Ergodesign: harmonising art and science methods and tools in evidence-based Human Centred System Research, Design and development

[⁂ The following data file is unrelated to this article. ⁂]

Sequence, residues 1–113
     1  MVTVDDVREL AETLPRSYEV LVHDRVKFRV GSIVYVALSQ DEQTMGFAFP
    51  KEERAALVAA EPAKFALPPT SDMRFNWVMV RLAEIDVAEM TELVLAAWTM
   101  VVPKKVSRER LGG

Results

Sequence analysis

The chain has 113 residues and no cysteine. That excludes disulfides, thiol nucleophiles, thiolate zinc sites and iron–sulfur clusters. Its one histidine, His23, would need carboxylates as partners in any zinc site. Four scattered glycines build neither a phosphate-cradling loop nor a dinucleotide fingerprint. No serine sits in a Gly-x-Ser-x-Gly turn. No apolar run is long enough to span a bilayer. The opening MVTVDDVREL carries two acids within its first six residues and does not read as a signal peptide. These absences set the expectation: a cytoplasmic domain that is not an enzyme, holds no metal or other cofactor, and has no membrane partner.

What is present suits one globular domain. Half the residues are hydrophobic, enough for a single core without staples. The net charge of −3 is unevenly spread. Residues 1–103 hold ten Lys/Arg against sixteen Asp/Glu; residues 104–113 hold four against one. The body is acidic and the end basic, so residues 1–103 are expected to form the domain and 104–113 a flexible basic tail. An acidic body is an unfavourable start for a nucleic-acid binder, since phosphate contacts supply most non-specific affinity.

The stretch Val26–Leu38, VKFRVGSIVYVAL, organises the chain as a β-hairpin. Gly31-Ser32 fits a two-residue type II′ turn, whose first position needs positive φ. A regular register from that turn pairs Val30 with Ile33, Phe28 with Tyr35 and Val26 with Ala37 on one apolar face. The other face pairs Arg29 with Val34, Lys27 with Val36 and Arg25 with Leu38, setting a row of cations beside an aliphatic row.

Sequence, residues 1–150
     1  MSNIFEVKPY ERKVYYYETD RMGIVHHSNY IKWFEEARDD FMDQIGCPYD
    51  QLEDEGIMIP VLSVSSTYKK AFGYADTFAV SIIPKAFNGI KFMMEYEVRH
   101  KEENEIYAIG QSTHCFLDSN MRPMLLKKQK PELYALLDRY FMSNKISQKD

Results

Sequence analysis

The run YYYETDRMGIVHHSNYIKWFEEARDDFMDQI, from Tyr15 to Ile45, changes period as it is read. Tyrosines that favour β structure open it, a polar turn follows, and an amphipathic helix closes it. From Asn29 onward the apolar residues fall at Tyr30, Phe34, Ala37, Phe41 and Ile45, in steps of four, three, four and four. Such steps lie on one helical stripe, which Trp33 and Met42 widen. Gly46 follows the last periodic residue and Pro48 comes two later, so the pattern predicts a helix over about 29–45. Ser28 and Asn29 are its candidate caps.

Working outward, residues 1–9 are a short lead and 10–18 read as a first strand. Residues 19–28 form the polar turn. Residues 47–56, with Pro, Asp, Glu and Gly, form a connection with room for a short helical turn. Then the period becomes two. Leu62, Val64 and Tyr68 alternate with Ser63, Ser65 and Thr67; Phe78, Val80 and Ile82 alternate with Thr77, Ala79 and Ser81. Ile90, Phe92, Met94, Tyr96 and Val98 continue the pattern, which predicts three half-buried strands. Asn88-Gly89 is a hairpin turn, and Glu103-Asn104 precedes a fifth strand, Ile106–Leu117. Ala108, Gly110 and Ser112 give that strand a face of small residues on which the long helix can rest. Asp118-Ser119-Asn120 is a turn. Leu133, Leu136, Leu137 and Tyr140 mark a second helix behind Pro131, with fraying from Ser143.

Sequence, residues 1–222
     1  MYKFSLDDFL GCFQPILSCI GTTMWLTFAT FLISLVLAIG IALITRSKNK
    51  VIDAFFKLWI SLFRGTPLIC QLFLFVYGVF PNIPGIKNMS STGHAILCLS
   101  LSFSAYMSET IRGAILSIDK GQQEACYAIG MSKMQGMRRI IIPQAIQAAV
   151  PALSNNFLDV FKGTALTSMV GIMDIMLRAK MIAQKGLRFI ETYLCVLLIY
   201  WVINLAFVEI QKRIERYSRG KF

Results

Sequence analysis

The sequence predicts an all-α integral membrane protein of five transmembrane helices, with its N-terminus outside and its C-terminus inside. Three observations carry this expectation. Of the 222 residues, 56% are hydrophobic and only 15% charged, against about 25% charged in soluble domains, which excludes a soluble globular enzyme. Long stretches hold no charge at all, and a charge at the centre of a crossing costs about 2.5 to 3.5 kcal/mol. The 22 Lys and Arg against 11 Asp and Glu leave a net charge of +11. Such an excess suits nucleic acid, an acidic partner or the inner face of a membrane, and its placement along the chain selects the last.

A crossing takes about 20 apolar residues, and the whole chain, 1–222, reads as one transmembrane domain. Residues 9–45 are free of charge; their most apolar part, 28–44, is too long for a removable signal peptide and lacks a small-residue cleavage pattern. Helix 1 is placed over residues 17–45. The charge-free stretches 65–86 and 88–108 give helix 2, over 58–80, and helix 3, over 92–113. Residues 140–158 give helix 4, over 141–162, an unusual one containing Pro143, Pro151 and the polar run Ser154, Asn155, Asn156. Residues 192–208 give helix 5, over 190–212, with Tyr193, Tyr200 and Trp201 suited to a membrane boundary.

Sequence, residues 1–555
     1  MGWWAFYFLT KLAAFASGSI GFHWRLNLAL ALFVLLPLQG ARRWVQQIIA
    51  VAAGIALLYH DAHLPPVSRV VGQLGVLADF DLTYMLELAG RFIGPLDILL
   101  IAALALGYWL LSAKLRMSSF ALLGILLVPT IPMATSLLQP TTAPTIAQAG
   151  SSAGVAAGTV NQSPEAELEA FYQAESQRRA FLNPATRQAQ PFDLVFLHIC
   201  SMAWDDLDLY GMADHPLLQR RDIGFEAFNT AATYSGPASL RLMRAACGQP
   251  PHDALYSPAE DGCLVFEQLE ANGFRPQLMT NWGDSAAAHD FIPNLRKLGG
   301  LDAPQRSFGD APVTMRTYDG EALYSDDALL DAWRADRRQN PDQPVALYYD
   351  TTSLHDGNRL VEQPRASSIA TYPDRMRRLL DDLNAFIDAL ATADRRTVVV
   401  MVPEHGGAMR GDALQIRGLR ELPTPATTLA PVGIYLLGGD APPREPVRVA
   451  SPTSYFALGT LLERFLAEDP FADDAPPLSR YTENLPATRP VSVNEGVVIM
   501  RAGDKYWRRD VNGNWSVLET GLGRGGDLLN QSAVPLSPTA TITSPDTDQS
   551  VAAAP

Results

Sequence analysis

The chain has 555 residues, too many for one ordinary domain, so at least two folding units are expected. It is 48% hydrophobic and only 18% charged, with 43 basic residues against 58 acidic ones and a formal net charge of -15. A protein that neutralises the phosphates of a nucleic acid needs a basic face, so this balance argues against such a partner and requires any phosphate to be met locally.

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This paper argues that current methods and tools for product, service and system design are becoming increasingly ineffective for solving complex design problems or for justifying opportunities in human-centred design. Advanced technologies are changing the landscape of design. Because design has developed as a practice-based profession, aimed at industrial processes and mass production, since its inception from the Bauhaus in 1938, the discipline is trailing behind other disciplines such as the natural and applied sciences. The Kyoto Design Declaration (2008) has proclaimed that a paradigm shift from technology driven development to human centred development is in progress towards seeking better methods to design new values, new ways of thinking and adaptation to change. Design, as a subject for creating materialistic values, has no robust methods or tools for developing a grounded theory to build a body of new knowledge. The development of science and technology is advancing at an alarming rate. Design methodologies, methods and tools have not shifted forward to address these changes. A broad notion of the meaning of theory, philosophy, discipline, method and tool, and their plurality and connectivity is discussed to alert ergonomists and designers to the complexity of connectivity of research methodologies. Ergodesign – a hybrid of ergonomics and design – is discussed in this paper as a mixed research-design paradigm for addressing the growing disciplinary complexity in which design has to mediate to enable innovation to take place in the future. The sense and sensibility of Ergodesign, as a hybrid research method and design approach, is argued, along with an intensive-care patient monitoring research project to demonstrate its potency. The case study will highlight the symbiotic capability of Ergodesign as a knowledge-generating research tool, and as a constructive design method for information synthesis, the product design and development process, and the systems evaluation approach in evidence-based research and evidence-based design.